In our analysis, we assessed the role of CEA in predicting PD after induction therapy in mCRC patients pooling data from two phase III randomised trials by Gruppo Oncologico del Nord Ovest, TRIBE[4] and TRIBE2[5], that compared FOLFOXIRI (5-fluorouracil, leucovorin, oxaliplatin and irinotecan) plus bevacizumab with FOLFIRI (5-fluorouracil, leucovorin and irinotecan) or FOLFOX (5-fluorouracil, leucovorin and oxaliplatin) plus bevacizumab, as first-line treatment. In both studies, a maintenance therapy with 5-fluorouracil and bevacizumab was planned following the upfront combination therapy. The primary aim was to identify a threshold for percent increase in CEA from nadir able to predict PD and therefore to reduce the need of radiological imaging. Only patients with a baseline value of CEA ≥10ng/mL prior to the beginning of the induction treatment, not progressing during induction therapy, and with at least one paired radiological evaluation and CEA assessment after the end of the induction therapy were included in the present analysis. Overall, 1178 paired CEA and radiological assessments from 434 patients were analyzed. According to the optimal cut-off determined by ROC analysis, a CEA increase of at least 120% from nadir differentiated between PD and no-PD with a sensitivity of 74% and a specificity of 78%, excluding PD in the 92% of radiological assessments and allowing to avoid the 67% of imaging. Due to the low positive predictive value of 48%, the PD detected by CEA variation needs confirmation with a radiological assessment. The main limitation is that CEA cut-off of 120% was not able to detect PD in the 26% of cases. In order to mitigate this issue, a different clinically relevant threshold was evaluated based on the best sensitivity cut-off. Therefore, using any CEA increase from nadir as threshold, the sensitivity grew to 93% and only in the 7% of cases the radiological PD was not detected. However, the specificity decreased to 35% and radiological imaging could be avoided only in 29% of cases when adopting this criterion.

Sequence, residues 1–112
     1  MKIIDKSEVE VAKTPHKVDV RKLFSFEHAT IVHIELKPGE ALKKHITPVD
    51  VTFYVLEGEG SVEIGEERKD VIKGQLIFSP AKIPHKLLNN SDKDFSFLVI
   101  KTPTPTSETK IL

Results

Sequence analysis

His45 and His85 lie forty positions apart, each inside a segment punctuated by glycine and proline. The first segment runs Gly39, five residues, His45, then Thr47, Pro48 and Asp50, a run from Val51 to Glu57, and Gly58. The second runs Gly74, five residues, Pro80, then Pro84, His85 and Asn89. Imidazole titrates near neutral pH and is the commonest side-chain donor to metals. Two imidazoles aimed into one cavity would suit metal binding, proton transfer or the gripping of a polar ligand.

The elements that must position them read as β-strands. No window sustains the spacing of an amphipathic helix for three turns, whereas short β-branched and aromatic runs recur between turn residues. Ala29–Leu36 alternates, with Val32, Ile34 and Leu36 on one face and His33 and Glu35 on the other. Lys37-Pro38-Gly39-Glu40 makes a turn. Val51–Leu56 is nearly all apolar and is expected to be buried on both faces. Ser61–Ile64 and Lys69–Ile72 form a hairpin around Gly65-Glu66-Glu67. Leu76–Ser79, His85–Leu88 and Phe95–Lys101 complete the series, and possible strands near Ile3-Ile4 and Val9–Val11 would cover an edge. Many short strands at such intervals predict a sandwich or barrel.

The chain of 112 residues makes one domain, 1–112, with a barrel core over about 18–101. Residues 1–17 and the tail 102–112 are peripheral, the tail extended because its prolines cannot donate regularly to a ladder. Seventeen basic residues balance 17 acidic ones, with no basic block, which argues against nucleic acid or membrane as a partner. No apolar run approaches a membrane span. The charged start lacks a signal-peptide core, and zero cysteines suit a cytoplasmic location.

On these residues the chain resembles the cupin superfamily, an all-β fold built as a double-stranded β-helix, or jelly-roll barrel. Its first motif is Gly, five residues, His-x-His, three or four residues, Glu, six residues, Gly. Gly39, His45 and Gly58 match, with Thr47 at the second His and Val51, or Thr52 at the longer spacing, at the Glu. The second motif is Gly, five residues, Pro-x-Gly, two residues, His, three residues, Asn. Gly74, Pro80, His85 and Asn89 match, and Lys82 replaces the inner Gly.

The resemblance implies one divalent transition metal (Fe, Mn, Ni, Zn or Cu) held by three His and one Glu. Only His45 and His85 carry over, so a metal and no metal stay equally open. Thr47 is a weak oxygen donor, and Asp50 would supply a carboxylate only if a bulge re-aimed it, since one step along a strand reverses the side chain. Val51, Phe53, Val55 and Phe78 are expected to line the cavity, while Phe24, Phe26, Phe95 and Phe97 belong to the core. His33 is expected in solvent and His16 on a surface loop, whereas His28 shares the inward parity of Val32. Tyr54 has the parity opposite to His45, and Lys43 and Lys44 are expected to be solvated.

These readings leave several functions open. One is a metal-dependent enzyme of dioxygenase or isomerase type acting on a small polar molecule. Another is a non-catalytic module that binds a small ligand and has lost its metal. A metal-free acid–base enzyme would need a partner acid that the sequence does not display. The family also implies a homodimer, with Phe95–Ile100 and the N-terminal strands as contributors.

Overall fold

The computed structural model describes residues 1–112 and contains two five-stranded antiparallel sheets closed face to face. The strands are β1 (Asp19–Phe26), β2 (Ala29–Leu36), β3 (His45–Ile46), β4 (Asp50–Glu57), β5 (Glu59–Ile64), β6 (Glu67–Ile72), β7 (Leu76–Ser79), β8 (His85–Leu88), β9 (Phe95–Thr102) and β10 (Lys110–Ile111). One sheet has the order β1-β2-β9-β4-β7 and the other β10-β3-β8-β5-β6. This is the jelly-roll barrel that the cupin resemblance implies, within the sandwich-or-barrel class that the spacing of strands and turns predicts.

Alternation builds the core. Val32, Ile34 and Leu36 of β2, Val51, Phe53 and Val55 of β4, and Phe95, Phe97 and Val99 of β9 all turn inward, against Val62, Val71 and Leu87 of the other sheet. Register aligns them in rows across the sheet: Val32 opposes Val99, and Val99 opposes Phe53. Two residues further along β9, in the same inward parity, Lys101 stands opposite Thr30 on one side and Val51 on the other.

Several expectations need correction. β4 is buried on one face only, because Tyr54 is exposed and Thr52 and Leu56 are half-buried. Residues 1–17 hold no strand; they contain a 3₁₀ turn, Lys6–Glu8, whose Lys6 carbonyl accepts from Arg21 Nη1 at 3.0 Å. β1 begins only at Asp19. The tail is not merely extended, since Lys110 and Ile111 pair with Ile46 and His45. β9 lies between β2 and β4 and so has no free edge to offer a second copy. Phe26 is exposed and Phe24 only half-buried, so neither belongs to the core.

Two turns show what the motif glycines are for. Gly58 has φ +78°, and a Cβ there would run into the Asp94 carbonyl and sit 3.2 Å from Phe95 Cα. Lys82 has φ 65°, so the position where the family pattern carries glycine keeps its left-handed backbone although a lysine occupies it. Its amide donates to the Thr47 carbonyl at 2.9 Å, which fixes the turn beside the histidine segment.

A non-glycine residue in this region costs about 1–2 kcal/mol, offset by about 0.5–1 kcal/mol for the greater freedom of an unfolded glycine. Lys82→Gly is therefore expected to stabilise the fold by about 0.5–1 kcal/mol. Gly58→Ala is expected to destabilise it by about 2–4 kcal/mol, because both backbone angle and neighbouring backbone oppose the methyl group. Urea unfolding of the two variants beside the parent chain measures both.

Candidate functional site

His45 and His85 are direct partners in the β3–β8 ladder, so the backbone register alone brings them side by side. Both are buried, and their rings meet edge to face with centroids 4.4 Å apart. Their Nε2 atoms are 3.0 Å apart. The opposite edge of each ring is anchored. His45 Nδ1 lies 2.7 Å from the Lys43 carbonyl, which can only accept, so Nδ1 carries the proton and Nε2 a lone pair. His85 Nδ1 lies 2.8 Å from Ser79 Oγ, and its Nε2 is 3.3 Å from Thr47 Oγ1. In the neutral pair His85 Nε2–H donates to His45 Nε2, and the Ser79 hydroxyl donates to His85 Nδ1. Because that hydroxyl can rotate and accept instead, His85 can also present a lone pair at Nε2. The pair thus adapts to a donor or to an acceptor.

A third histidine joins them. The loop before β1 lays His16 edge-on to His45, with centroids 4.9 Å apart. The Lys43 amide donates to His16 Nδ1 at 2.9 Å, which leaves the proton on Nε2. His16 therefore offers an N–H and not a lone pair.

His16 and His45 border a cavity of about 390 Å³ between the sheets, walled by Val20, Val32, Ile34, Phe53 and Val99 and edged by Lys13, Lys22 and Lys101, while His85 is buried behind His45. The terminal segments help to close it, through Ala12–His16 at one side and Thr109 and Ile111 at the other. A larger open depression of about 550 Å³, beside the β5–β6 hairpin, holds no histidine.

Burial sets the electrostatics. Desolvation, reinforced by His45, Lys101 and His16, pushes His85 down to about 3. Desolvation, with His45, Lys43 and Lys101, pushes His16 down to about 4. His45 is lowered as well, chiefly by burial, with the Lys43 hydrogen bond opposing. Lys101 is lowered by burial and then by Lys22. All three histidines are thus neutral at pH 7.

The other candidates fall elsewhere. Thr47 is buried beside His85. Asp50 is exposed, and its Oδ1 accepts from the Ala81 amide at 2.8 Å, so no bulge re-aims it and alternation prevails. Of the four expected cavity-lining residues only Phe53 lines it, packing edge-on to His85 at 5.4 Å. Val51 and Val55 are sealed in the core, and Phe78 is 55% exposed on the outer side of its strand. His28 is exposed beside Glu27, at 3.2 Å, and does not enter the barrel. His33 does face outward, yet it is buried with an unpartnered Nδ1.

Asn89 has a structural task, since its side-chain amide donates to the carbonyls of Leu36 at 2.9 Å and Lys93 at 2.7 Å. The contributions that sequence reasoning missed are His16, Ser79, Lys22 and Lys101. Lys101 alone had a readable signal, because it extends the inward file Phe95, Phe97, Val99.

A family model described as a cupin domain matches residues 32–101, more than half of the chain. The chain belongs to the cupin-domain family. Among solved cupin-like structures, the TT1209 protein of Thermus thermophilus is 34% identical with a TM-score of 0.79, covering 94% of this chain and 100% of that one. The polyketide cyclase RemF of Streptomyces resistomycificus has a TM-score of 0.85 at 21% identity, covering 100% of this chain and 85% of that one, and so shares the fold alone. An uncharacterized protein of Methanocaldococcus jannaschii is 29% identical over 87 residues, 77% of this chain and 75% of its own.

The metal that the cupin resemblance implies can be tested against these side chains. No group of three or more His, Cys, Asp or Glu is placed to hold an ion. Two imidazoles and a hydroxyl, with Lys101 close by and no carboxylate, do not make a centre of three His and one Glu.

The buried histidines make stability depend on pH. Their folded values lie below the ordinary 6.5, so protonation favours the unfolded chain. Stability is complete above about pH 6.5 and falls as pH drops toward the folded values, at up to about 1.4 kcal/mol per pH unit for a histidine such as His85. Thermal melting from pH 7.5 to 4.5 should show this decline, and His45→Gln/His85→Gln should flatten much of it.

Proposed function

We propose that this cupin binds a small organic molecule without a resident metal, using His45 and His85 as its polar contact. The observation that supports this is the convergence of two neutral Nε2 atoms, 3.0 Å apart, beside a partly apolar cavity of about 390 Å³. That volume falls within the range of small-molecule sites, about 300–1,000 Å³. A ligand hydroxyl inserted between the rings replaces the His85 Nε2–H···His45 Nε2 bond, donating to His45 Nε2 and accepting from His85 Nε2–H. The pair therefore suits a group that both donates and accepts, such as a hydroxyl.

Waterfall plots of CEA variation from nadir showing observed and predicted disease control using a CEA cut-off of 120% (Panel A and B) and any CEA increase (Panel C and D)

Therefore, the threshold of 120% CEA increase from nadir could be used during follow-up in most patients not candidate to metastases resection after the end of induction chemotherapy thus sparing a relevant amount of radiological assessments. The adoption of any increase of CEA as cut-off should be especially evaluated when missing PD may cause immediate deterioration of patients’ conditions due to high risk of disease-related symptoms (i.e. liver failure due to multiple liver metastases, intestinal occlusion due to peritoneal carcinomatosis, uncontrolled pain due to pelvic relapse).

Waiting for novel tumour monitoring approaches, including circulating tumour DNA, currently under investigation, present data require confirmation before being translated into clinical practice.

 References

  1. Van Cutsem E, Cervantes A, Adam R et al. ESMO consensus guidelines for the management of patients with metastatic colorectal cancer. Ann Oncol 2016; 27(8):1386–1422.
  2. Heinemann V, Stintzing S, Modest DP et al. Early tumour shrinkage (ETS) and depth of response (DpR) in the treatment of patients with metastatic colorectal cancer (mCRC). Eur J Cancer 2015; 51(14):1927–1936.
  3. Locker GY, Hamilton S, Harris J et al. ASCO 2006 update of recommendations for the use of tumor markers in gastrointestinal cancer. J Clin Oncol 2006; 24(33):5313–5327.
  4. Loupakis F, Cremolini C, Masi G et al. Initial therapy with FOLFOXIRI and bevacizumab for metastatic colorectal cancer. N Engl J Med 2014; 371(17):1609–1618.
  5. Cremolini C, Antoniotti C, Rossini D et al. Upfront FOLFOXIRI plus bevacizumab and reintroduction after progression versus mFOLFOX6 plus bevacizumab followed by FOLFIRI plus bevacizumab in the treatment of patients with metastatic colorectal cancer (TRIBE2): a multicentre, open-label, phase 3, randomised, controlled trial. Lancet Oncol 2020; 21(4):497–507.

Roberto Moretto

MD, Azienda Ospadaliero-Universitaria Pisana